Go ahead, call me prejudiced, but it seems that “English” and “eccentric” have more in common than just the letter e. It’s easy to envision a nation of oddball limeys — encouraged by technology that lets loopy ideas flow straight onto portastudios — sequestered in their scattered rural cottages, brewing up cassette albums for the delectation of a select and similarly offbeat audience. Comparable in some ways to the American national treasure R. Stevie Moore, Martin Newell’s work is a delightful diary of one man’s pop obsessions.
As the Cleaners From Venus, with assorted collaborators, singer, guitarist and keyboardist Newell (who had been part of the pre-Clash/Gen X London SS) began issuing charming, offbeat cassettes of his kitschy and clever originals in 1981. The fifth of these (Under Wartime Conditions) became the band’s first vinyl — in Germany. Rudimentary and casual, but musically substantial and indicative of anything-goes pop talent, the LP has elements of XTC, Mike Oldfield (“The Winter Palace” instrumental, which sounds like it’s being played on water glasses, bears a resemblance to “Tubular Bells”), odd bits of talking and sonic ephemera and, significantly, a “Song for Syd Barrett.”
Newell recorded the accomplished Living With Victoria Grey aided by keyboardist Giles Smith; some of the songs from the tape were reworked onto the Cleaners’ engaging first UK LP, Going to England. With wonderful Carnaby Street pop (“Living With Victoria Grey”), catchy TV kitsch (“Illya Kurayakin [sic] Looked at Me,” to which Captain Sensible adds guest guitar) and delightful ’60s Farfisabeat soul (“What’s Going on in Your Heart?”), the album is gently nostalgic and entirely likable.
By the time of the relaxed and rustic pure-pop Town and Country, the Cleaners had added a bassist (Peter Nelson) and drummer and were pursuing an explicitly XTC- oriented sound (in Beatlesque settings) with some of Newell’s smartest, loveliest English-culture songs: “Let’s Get Married,” “The Beat Generation and Me,” “Tenpenny Hill” and “I Was a Teenage Idiot Dancer.” Great!
With a stack of tapes, three vinyl/CD albums under the name (and a bunch of reissues to come, like the useful rarities-sprinkled pair released on CD by Tangerine), Newell retired the Cleaners moniker and transmogrified into the Brotherhood of Lizards, a duo with bassist/drummer (and future New Model Army conscript) Nelson.
Lizardland (the contents of which are unrelated to the cassette entitled The Brotherhood of Lizards) is the only album credited to the Brotherhood. Melodic and clever without fuss, it offers a dozen melodic and modestly poetic vignettes (“Market Day,” “The World Strikes One,” “Love the Anglian Way,” “Dear Anya”) of life in the British Isles. The bubbly ’60s psychedelipop of “She Dreamed She Could Fly,” the catchy chorus of “It Could Have Been Cheryl” and the Turtlesque refrain of “The Happening Guy” are positively brilliant; the remainder is merely splendid. With improved cover art and a pair of bonus tracks recalled from the relatedly titled Cleaners’ last tape, Lizardland even received a belated American release.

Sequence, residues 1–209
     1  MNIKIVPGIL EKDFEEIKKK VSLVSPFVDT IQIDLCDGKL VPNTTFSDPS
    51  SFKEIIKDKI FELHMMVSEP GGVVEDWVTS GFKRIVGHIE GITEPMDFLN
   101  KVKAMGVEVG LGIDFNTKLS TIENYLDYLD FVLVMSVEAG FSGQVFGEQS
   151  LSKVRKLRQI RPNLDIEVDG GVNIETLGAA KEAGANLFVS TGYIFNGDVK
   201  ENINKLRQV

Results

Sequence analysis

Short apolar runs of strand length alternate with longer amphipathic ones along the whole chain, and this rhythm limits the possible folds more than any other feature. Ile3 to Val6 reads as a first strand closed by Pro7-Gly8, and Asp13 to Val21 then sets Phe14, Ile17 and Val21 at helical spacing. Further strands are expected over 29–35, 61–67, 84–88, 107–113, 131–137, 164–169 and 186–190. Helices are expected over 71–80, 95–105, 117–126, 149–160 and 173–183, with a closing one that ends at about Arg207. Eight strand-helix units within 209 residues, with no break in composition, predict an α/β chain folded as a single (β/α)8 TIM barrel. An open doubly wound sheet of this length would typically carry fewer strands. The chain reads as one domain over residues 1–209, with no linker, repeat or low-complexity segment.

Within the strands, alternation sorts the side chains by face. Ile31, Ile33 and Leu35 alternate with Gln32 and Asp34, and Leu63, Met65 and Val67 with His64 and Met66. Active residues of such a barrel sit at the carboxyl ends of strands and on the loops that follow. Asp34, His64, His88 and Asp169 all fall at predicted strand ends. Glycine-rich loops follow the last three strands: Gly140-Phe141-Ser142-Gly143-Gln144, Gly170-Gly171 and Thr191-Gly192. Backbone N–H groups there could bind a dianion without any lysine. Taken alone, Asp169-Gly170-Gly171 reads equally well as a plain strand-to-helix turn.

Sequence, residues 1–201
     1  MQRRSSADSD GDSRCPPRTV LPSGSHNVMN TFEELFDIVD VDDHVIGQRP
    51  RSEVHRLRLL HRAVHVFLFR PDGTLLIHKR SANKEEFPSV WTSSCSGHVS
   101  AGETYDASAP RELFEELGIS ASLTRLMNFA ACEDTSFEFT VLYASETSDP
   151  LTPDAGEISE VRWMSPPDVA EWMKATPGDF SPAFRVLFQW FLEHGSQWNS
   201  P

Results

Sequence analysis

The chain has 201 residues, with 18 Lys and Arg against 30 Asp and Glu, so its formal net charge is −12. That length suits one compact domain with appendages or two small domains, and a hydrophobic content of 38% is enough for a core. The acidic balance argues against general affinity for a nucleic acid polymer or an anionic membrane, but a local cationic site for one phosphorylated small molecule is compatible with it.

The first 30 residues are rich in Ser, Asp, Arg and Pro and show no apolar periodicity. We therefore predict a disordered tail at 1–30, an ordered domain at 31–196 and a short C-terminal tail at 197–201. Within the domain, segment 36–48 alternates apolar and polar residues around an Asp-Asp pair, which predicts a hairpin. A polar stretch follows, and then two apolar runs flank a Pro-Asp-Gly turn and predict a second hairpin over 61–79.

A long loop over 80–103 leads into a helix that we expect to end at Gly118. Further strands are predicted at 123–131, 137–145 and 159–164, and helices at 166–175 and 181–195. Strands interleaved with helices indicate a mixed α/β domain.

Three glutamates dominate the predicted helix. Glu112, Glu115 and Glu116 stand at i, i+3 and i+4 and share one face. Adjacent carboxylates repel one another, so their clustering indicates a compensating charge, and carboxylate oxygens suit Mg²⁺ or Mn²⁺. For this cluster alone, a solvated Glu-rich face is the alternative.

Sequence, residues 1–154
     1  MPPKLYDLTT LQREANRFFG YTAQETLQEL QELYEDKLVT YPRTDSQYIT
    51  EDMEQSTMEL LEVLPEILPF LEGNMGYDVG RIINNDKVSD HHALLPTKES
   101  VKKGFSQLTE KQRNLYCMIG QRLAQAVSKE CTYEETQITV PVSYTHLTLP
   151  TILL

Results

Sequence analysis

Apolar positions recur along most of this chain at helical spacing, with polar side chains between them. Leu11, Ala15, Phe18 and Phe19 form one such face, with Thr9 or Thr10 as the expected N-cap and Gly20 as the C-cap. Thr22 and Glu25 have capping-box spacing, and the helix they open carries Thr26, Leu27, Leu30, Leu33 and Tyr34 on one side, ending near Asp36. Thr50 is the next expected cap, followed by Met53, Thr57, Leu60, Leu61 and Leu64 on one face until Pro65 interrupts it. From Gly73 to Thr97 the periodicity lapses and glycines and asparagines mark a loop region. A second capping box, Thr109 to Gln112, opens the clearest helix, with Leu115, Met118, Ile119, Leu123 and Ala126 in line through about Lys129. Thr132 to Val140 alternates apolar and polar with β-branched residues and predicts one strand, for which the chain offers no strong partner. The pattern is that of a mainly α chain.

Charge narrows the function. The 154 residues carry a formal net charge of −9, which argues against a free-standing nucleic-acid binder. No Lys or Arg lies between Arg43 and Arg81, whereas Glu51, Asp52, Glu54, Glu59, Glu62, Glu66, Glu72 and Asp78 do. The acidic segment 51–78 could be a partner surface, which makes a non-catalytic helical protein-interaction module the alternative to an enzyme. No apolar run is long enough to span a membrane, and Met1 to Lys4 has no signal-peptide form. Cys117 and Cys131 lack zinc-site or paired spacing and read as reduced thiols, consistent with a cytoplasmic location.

Besides publishing books of his poetry, Newell’s radical next step was to launch a solo career, with help from some old pals. Produced and drummed on by XTC’s Andy Partridge (the album’s American cover nonsensically trumpets “Featuring the New Improved Andy Partridge” in type as large as the artist’s name), The Greatest Living Englishman is another absolute delight, a seamless, sensitive blend of XTC, the Beatles and all those who have pledged their fealty to one or the other. Alternately rustic, pop-accomplished and mildly psychedelic, each song is a distinct-sounding gem of tuneful delectability and country town lyrical resonance. The “Home Counties Boy” enjoys “Christmas in Suburbia,” promises “We’ll Build a House” (but can’t say when) and looks back on it all as “The Greatest Living Englishman.” Newell is a skilled singer, an excellent songwriter and a dab keyboard hand; Partridge gilds his efforts with countless deft touches (toy piano, Starr-y drumming, XTC soundalikes, effects) and dewy clarity that removes all sense of time for a pure treat. (A limited-edition version of the English release included a bonus spoken-word CD.) Let’s Kiosk! is a four-song EP of the album’s rousingly catchy “The Jangling Man” plus three otherwise unreleased numbers.